Shattering Glass by Logan Shearon
My name is Logan Shearon, and I am a 2nd year PA student at Wake Forest. I fell in love with the art of storytelling at an early age and I have been writing poems and short stories ever since. One of my favorite things about practicing medicine is the privilege to not only listen to people's stories, but to become a small part of them as well. Narrative medicine is the perfect combination of these two passions of mine. It allows us a space to try and understand the people around us: to empathize with their pain and to acknowledge their complex, unique life experiences. I wrote this poem during my Behavioral Health rotation after a long, vulnerable conversation I had with a patient recovering from alcohol use disorder. It is a story of suffering, heartache, and above all else, hope.
I check my watch again to make sure,
As if time itself would lie to me.
Table 5 just ordered a cheeseburger with chili fries,
Along with the same dark beer
I downed before starting my shift.
The cook is shouting again so I shuffle to the kitchen.
The hot plate leaves yet another brand on my hands.
I have to run this appetizer out before…
I’m flagged down by the prickly lady at Table 7.
She demands her third glass of Chardonnay,
Even though we both know she’s actually on her fourth.
Back to the bar to grab the round of shots
For the college kids at table 3,
Who almost certainly won’t tip.
Might as well grab another for myself too.
I deserve it.
Have I really been here 11 years?
The Christmas lights above the bar twinkle,
Giving the illusion that we’re under the stars.
But there haven’t been lights in this sky for years.
It sounds almost musical,
Like chimes on a windy afternoon.
It must have come from the back.
I take two steps forward to investigate.
Man, my feet are killing me tonight.
I look down.
A deep, red rivulet is curling its way towards the drain.
There are shards of glass reflecting the twinkle lights above.
The whole bar has eyes on me.
Is someone yelling?
I’m doing too much spinning to tell.
Maybe I should close my eyes.
Yes, okay that feels better.
I don’t remember the last time I had a good night’s sleep.
The sound of the glass still rings in my ears,
I can’t understand this gruff voice breathing on me.
I can feel flashing lights knocking at my eyes but I refuse to let them in.
Someone has thrust my body into the wintry night air,
The sweat that coats my skin has turned to ice.
My thoughts start to sharpen.
They told me this would happen.
But these voices just keep treading water.
What will it take to drown them?
I swallow it down,
Try to push myself up.
Fear descends with a thunderous crack.
My mind is trudging through a dense fog.
I turn my head to the side,
A cacophony of pops and cracks.
My eyes, cautiously adjusting.
Light filters through my broken blinds.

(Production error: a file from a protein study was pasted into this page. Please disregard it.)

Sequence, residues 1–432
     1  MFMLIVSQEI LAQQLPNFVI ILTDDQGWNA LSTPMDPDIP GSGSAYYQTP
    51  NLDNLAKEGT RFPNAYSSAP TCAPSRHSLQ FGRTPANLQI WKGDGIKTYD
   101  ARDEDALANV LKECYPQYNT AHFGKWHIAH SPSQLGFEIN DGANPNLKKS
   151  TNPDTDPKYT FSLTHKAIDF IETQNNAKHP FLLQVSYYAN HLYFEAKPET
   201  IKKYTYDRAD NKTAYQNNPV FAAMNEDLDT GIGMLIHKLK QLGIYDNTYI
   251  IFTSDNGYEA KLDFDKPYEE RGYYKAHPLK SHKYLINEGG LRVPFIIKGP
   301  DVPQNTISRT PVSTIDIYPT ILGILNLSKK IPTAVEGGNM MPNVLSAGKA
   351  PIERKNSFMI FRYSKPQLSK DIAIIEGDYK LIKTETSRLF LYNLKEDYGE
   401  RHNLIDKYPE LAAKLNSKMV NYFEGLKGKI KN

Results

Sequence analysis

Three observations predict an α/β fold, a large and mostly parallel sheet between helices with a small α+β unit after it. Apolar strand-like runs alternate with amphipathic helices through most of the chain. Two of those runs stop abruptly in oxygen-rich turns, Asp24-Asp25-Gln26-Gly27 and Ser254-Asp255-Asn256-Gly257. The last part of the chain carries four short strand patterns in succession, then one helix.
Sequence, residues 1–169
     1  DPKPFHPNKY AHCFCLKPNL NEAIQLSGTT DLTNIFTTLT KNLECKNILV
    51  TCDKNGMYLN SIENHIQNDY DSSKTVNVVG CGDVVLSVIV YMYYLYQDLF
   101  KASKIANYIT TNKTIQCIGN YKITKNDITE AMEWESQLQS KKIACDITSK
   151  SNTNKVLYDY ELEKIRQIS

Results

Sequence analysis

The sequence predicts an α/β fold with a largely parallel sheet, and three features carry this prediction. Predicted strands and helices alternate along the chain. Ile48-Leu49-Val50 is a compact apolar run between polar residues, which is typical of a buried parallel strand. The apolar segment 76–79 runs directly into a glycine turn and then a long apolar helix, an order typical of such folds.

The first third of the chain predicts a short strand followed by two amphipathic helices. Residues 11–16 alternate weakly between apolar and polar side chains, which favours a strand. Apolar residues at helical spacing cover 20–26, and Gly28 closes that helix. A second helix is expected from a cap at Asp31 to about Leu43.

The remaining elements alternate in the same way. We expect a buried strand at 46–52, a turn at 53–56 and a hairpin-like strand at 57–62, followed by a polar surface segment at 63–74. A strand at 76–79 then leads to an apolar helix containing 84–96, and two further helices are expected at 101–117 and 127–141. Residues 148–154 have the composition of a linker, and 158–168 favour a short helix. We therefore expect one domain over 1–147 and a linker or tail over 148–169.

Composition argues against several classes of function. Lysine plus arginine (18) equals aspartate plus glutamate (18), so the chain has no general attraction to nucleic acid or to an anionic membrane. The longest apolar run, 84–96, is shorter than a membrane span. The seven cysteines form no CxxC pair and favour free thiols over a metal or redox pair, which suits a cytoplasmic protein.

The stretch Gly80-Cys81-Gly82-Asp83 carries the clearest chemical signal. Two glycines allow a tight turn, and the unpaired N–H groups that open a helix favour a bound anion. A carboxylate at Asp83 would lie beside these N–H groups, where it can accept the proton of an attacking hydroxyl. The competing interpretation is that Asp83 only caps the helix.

I reach for the glass on my nightstand.
Quickly, I yank my hand back.
An endless trail of spiders
Has weaved webs around my arm.
I feel hundreds of teeth sink into my flesh.
I scratch at my arms,
Roiling in my sheets,
The dripping, wet fabric is stuck to my skin.
You’ll feel so much better if you just QUIT.
It’ll be easy.
You’ll get your life back,
My stomach has launched a revolt.
I do not blame it,
As I throw myself over the edge.
I find the strength to reach for my glass,
To wash away the acid and bile,
But I have lost any semblance of control.
The glass hits the ground with a deafening crack,
Shards decorate the beautiful, green carpet
That I once bought on a happy whim.
I could end this.
Here and now.
I have every reason in the world…
They’d all get over me,
I’d be nothing but a fading memory.
A burden lifted from their shoulders.
That’s not me
I know I can get better.
But I can’t do it alone.
I get that now.
I need help.
Her mouth is hidden by a crinkled blue mask,
But her eyes are kind.
I run through the questions she’s asked me.
What do you hope the future holds after this?
How can we work together to get you there?
Tell me something that brings you joy.
She sits on the twin bed across from my own,
With the same dull, grey blanket
That does little to ward off the cold.
I struggle to find the words.
She is patient
As she watches me wring my hands together.
I used to love reading:
Fantasies, thrillers, romance,
Before the shaking made it hard to hold the book.
Tears muddle my vision,
My throat tightens against my will.
Thinking about all the moments I’ve lost to this disease.
She clasps my hand,
We take a deep breath together.
Her eyes are steady on mine.
You can do this.
Whether it works this time
Or twenty times from now
You are trying.
You are worthy.
You are stronger than you think.
I close my eyes
Pick up my shattered pieces,
Hopeful that one day,
I can glue them back together.